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The Liberals won the most seats of any party, snagging 158 as of 2 p.m. on Tuesday—one more than they won in 2019, but 12 short of the 170 needed for a majority in the House of Commons.
While the Liberals will remain in power, they will have to continue to work with other parties in order to govern their second minority government. It’s not quite the four years of dominance and easily-passed legislation a majority win would have promised.
“You are sending us back to work with a clear mandate to get Canada through this pandemic,” Trudeau said in a speech following the win.
“I hear you when you say you just want to get back to the things you love and not worry about this pandemic or an election.”
In a gamble for a majority, Trudeau called a snap election in mid-August, telling Canadians he wanted them to have a say over “how we finish the fight against COVID-19 and build back better.”
It wasn’t an easy fight, as he faced a daunting challenge from the Conservatives, led by Erin O’Toole, who the Liberals were deadlocked with in polls leading up to the election. Trudeau had trouble convincing much of the electorate that the election was even necessary amid the fourth wave of the pandemic.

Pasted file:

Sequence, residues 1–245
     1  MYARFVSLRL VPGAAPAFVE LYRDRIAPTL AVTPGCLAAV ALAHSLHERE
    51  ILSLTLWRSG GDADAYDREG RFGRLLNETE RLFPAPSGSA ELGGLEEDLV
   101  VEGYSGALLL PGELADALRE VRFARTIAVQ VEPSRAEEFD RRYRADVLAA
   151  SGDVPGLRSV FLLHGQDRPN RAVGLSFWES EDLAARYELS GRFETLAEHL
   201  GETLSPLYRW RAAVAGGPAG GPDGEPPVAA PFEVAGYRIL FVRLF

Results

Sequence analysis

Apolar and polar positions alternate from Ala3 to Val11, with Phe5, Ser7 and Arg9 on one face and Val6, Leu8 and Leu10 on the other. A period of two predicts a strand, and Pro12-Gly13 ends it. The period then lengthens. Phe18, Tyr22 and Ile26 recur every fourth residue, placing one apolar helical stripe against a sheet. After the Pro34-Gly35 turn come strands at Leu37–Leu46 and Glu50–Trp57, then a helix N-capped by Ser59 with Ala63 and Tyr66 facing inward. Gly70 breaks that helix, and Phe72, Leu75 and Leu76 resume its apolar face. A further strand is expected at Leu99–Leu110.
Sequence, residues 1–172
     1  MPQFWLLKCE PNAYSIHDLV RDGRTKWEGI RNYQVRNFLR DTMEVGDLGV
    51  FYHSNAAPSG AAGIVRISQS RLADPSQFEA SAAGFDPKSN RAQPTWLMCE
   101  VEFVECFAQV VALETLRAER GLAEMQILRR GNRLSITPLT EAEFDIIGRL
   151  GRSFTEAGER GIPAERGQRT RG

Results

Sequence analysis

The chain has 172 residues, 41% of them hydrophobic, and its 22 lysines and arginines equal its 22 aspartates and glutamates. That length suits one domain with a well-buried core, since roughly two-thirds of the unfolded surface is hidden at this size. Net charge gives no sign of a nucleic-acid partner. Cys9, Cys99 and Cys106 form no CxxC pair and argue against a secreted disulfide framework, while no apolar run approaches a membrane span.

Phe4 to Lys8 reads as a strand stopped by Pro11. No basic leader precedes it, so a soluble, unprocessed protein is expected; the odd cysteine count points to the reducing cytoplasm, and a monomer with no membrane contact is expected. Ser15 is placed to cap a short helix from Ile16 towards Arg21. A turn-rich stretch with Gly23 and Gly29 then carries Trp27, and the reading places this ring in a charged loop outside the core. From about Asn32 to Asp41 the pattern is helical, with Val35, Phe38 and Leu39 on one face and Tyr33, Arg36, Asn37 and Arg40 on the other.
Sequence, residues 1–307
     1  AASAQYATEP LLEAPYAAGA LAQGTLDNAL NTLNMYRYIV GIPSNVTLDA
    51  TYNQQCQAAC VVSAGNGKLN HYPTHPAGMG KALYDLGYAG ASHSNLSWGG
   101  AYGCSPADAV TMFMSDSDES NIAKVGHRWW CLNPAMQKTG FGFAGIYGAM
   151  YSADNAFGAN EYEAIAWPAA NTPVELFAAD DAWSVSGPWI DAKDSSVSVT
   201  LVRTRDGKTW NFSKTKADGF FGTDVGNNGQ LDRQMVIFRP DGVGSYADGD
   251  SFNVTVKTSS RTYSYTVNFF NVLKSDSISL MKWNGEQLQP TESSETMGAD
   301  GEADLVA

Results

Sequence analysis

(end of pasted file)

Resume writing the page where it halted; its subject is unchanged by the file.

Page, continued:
The full results of the campaign weren’t revealed on Monday. Elections Canada will only begin counting 800,000 mail-in ballots on Tuesday, once it is able to verify them against in-person votes.
Trudeau, 49, won his first Canadian election in 2015, channeling the star power of his father, the late Prime Minister Pierre Trudeau. The Liberals have been leading as a minority government since winning 157 seats in the last federal election in 2019.